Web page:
I follow the Maine Wildlife Facebook page, and saw a post about the winter feeding of deer that caught my attention. To be honest, I figured it was probably just about folks up north who have a deer feeding station, and how cool it is to see all the deer gathered round to feed on the delicious corn left out for them. And it was kind of about that, but much more sad.

As I looked more closely at the photos and read the comments, I noticed there seemed to be something wrong with the poor deer in the photos. His hooves were long and gnarled up, and it looked like he needed to have a pedicure. It's a process called foundering. It looks like this:

Photo via in.gov
Photo via in.gov

According to this article at qdma.com, if a deer eats too may high-energy, high-carb foods, it disrupts their ability to digest food. They rely on gut bacteria to process foods, and this is usually a gradual transition that happens slowly between winter and fall. If they begin to eat high carb foods too quickly, and in large quantities, it disrupts the proper production of this bacteria in their bellies, and causes this elongation of the hooves.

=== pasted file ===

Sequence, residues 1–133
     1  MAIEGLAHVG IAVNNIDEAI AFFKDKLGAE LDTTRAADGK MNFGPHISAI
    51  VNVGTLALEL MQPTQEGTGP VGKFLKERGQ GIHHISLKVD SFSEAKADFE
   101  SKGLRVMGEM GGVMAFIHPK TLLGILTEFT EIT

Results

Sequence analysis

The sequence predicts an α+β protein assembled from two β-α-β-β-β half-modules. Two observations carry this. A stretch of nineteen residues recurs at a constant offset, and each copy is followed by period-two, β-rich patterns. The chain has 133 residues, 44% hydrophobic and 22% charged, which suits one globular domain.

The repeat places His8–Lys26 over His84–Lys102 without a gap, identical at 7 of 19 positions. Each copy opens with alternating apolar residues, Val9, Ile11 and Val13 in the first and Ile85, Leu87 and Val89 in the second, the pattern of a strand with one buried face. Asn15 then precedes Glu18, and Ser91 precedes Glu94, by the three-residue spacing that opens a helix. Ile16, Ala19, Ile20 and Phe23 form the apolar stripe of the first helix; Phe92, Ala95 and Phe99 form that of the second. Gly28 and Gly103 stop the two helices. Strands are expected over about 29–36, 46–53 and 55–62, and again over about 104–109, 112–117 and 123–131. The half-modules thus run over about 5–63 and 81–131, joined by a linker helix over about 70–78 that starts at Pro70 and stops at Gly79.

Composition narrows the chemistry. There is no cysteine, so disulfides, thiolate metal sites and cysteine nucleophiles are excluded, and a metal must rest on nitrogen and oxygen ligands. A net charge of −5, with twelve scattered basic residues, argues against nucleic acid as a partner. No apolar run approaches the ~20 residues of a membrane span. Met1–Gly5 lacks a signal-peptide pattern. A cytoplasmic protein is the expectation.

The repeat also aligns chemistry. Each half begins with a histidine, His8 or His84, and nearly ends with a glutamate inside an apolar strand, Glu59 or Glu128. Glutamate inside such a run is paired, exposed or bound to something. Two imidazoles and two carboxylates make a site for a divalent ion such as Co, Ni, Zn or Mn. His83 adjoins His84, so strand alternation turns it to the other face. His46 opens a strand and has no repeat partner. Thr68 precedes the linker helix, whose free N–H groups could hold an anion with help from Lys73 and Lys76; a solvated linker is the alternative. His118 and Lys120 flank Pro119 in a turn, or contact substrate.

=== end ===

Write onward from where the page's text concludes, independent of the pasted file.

Since there are no reliable sources of pedicures in the woods for deer, eventually it causes them to end up basically walking on their ankles, because the long hooves cause their feet to curl outward.

Eventually, they will not be able to outrun predators, or stay properly mobile, and will eventually starve. If you do see one during hunting season, they are totally safe to eat. In fact, you'd probably be doing it a favor by putting it out of its misery.

It's really sad to see these beautiful creatures suffer this way. And mostly it's our fault. We, as people, hate to see the animals go without food, but when we intervene inappropriately, it upsets nature's balance. It's no different than feeding squirrels or raccoons or whatever. eventually, they stop looking for food, because we keep putting it out there for them.

If you really feel like you need to feed them, consult a wildlife expert that might be able to tell you the proper way to do it. It's nice to give Mother Nature a hand, but we shouldn't overdo.

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